The U.S. economy grew more slowly in the second quarter than previously estimated — a good sign the Federal Reserve is trying to curb demand to curb price increases.
Gross domestic product, a broad measure of economic output, rose at an annualized rate of 2.1% in the second quarter, according to the Commerce Department’s second estimate released Wednesday morning. This is a slightly slower pace than the 2.4% initially estimated by the department.
Compared to the initial estimate, the second estimate factored in higher consumer spending, government spending and exports. Meanwhile, business investment and inventories were revised lower. Business investment – referred to as non-residential fixed investment – was revised to a growth rate of 6.1%, compared to a rate of 7.7% in the first estimate. Residential fixed investment, reflecting conditions in the US housing market, was less of a drag on growth than previously estimated.
Economic growth in the second quarter was largely broad-based, but there were some signs of weakening demand for goods purchases and imports. Consumer spending, which accounts for about 70% of economic output, was slightly revised higher in the second estimate.
Economists widely expect the summer season to be strong, with Americans spending more on travel, dining and other personal experiences. In July, the movie “Barbie” became a huge hit and Taylor Swift sold out major theaters across America, boosting retail spending. The Commerce Department releases July figures on consumer spending, which includes retail sales, on Thursday.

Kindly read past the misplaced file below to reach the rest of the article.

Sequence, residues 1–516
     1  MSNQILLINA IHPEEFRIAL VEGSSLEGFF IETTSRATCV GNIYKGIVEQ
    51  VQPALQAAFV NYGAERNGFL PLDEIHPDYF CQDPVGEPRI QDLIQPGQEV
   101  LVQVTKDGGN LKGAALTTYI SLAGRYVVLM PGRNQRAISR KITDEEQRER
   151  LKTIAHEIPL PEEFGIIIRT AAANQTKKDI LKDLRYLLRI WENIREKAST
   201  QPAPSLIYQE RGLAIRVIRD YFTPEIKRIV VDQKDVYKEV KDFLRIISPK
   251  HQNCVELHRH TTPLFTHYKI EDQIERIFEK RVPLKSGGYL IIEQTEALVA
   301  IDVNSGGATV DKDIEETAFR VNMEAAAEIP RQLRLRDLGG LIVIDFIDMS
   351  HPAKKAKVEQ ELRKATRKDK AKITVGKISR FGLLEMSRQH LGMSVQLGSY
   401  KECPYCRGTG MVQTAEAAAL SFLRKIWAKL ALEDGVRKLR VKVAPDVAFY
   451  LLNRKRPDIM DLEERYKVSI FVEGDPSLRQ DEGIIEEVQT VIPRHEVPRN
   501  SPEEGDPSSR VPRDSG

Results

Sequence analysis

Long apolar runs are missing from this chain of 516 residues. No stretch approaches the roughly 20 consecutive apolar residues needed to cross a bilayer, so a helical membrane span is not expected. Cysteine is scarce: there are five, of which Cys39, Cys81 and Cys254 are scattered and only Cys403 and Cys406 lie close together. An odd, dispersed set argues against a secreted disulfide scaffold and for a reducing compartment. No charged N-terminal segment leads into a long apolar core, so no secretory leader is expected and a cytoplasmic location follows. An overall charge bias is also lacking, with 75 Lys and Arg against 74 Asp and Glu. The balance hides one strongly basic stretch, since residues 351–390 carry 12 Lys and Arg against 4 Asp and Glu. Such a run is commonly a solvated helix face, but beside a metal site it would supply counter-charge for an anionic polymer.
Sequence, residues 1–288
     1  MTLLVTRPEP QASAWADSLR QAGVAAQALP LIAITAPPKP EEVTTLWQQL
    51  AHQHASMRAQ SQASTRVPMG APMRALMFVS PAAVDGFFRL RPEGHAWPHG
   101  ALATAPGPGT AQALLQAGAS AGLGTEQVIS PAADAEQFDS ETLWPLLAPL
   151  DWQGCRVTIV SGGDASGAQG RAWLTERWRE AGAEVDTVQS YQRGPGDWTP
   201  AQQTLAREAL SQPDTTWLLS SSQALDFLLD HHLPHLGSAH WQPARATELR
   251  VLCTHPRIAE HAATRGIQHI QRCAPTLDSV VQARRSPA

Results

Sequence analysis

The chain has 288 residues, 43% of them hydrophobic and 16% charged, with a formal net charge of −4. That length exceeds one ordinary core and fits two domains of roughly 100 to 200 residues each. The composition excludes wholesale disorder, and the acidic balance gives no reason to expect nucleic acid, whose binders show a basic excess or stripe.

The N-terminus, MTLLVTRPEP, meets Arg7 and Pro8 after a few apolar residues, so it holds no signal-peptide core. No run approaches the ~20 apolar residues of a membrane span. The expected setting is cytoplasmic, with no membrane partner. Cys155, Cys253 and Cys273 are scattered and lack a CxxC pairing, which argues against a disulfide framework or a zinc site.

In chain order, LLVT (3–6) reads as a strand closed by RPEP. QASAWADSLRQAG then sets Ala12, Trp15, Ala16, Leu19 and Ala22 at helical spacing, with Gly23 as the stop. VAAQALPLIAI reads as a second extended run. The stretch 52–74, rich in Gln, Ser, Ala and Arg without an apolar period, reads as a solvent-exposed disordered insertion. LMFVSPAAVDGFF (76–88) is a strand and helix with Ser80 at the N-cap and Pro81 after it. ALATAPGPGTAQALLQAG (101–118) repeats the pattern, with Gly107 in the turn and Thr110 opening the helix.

The U.S. economy performed well during the summer months, but that remarkable strength kept some Fed officials on edge when they discussed monetary policy in July. The central bank has decided to raise interest rates by a quarter point to the highest level in 22 years.
Federal Reserve Chairman Jerome Powell said last week that if the economy doesn’t slow, more rate hikes will follow.
“Further evidence of sustained above-average growth could put further upside in inflation at risk and warrant further tightening of monetary policy,” Powell said at the Kansas City Fed’s annual economic conference.
The Atlanta Fed now estimates that GDP growth will pick up sharply in the third quarter to an annual rate of 5.9%.
This story is developing and will be updated.